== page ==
I’ve been wrapping my head around where instructional design theories and models came from and where they are heading by creating an infographic that includes some of the key players when it comes to instructional design theories.
Of these theorists I am a big fan of Gagne and Sweller but what have the other guys contributed to the development of sound instructional design in the 21st century? First of all, what did these guys say about instructional design?
Edgar Dale’s (1946) Cone of Learning was a model that explored what people are able to remember/process and achieve. To look at the model, it appears like a possible pre-cursor to Bloom’s Taxonomy in that the element of the model that looks that the outcomes people can achieve shows a progression from low to higher order thinking. The model shows that people remember more of the content they engage with if they engage with it in the higher order levels of creating, evaluating and analysing.
B. F. Skinner (1954) made a significant contribution to the world of instructional design with his work The Science of Learning and the Art of Teaching. “Based on his theory of reinforcement the development of programmed instruction and outcome-oriented instruction was born. Characteristics of Programmed Instruction: behavioral objectives, small frames of instruction, self-pacing, active learner response to inserted questions, and immediate feedback regardless to correctness of the response” (from Instructional Design Timeline).
A very big name in teaching and learning is Benjamin Bloom who published an incredibly influential taxonomy in 1956. Bloom’s taxonomy is described as a classification of learning objectives and the taxonomy divides learning objectives into three domains: cognitive, affective and psychomotor. To me, the taxonomy demonstrates a progressions from rote learning activities to higher order processing of information to embed it within long-term memory. It’s a scaffold for planning learning from the early stages of gaining new knowledge, to the later stages of using that knowledge to do something new.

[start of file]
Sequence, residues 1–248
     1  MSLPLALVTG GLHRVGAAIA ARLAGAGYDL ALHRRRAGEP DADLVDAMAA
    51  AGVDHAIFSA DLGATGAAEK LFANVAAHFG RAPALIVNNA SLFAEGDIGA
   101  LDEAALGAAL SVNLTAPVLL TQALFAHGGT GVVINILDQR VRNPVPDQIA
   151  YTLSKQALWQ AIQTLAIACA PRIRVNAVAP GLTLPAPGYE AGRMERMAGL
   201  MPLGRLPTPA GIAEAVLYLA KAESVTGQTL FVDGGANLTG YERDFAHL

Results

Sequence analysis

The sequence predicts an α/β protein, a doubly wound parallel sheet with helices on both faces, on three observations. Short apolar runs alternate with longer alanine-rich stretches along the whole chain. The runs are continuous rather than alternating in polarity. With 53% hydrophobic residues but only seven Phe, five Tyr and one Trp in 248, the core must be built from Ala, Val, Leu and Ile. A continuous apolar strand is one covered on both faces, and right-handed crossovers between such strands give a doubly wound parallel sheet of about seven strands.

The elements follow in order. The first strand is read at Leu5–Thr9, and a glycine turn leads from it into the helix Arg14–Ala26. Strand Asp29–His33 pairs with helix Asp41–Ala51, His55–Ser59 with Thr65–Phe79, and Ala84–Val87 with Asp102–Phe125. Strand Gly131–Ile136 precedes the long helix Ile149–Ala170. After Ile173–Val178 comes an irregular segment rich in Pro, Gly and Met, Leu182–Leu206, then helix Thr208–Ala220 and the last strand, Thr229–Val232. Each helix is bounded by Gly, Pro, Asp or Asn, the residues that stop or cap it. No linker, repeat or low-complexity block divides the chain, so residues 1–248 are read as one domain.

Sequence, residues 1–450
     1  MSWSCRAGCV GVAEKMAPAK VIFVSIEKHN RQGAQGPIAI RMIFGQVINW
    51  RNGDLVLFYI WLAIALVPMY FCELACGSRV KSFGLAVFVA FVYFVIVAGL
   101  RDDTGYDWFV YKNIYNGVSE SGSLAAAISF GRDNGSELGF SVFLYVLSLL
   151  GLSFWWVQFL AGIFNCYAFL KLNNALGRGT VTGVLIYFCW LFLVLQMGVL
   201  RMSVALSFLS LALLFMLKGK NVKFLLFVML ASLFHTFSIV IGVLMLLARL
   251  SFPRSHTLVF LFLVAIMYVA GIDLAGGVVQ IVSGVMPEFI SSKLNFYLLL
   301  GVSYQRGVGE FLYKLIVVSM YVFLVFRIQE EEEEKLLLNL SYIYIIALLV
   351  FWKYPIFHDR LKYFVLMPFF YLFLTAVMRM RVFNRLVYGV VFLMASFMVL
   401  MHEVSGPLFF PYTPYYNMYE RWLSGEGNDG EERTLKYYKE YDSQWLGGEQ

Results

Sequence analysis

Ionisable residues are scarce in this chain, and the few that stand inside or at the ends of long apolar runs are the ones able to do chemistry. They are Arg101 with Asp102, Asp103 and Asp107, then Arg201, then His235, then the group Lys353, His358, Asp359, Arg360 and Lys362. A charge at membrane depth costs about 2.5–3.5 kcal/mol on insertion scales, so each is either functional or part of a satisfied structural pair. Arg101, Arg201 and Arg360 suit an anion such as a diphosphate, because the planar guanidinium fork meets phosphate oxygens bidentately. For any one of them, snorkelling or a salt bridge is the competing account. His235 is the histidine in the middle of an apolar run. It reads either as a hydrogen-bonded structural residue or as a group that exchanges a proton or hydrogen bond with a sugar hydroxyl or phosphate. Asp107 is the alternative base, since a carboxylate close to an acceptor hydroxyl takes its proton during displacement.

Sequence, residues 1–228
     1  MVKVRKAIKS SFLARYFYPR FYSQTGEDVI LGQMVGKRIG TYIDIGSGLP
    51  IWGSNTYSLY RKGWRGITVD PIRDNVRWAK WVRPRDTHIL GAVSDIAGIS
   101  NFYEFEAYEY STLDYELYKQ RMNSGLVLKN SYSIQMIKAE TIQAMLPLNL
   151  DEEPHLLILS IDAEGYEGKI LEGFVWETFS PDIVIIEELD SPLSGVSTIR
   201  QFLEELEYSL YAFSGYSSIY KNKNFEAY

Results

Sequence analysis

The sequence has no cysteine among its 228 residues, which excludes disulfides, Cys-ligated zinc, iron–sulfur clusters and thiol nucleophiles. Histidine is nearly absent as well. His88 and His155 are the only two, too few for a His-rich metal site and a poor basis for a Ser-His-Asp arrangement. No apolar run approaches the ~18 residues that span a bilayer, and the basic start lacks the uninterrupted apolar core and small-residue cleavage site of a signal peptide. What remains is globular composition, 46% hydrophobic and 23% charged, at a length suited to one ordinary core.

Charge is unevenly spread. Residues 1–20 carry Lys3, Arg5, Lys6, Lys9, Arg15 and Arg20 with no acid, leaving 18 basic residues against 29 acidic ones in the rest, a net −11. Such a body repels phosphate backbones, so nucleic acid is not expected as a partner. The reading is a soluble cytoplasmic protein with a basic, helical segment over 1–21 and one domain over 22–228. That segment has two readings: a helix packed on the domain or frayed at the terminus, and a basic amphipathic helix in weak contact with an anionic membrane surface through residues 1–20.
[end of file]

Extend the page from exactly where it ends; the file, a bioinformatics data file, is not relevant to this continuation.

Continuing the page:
I’ve discussed Gagne’s work before and I’m definitely a fan of his. Gagne’s work and the Nine Events of Instruction are still very relevant and real today and has been applied to game design as well. Becker’s (2005) paper How Are Games Educational? Learning Theories Embodied in Games clearly identifies how Gagne’s Nine Events of Instruction fit so seamlessly within game design.
The Dick and Carey model (1968) could be compared to Gagne’s Nine Events of Instruction perhaps, this could be because Dick and Carey’s model is an iterative cycle made up of nine steps. These steps systematically guide a learner from goal setting to summative evaluation. I like the model, however, I believe Gagne’s model is a lot more user-friendly and relevant.
The ADDIE model, refined by Dick and Carey is very similar to the PLANE learning design, which is a taxonomy that goes from explore, contribute, create, implement, share/reflect to mentor. The ADDIE model stands for analysis, design, development, implementation and evaluation and is very much a progressive model that begins with the exploration of new knowledge, however, it’s believed that there is up to 100 different variations on the model. It’s a broad model that I would apply in combination with another more fleshed-out model I think but it depends on how much scaffolding is desired really.
The 1990s saw the development of Sweller’s Cognitive Load Theory (see earlier blog post), which greatly impacts instructional design, and then there came the resurgence of constructivsm. Constructivism was huge in the 1930s and 1940s classrooms, however, in the 1990s it returned as a major learning on how people learn, thus informing how teachers should design instruction. The basic premise of constructivism is that teachers design lessons in a way that allows students to guide their own learning and construct their own meaning from their experiences.
Ok, so what does that mean for modern-day instructional design? Well, I believe these models definitely still have a place in the design of teaching and learning experiences but its about embracing the here and now context in which our students learn and play. Teachers need to know how their students learn these days and a lot of it is through playing or experimenting with technology, and this should be considered when designing learning experiences. I strongly believe that game design is the way we should all be heading in our instructional design for the 21st century.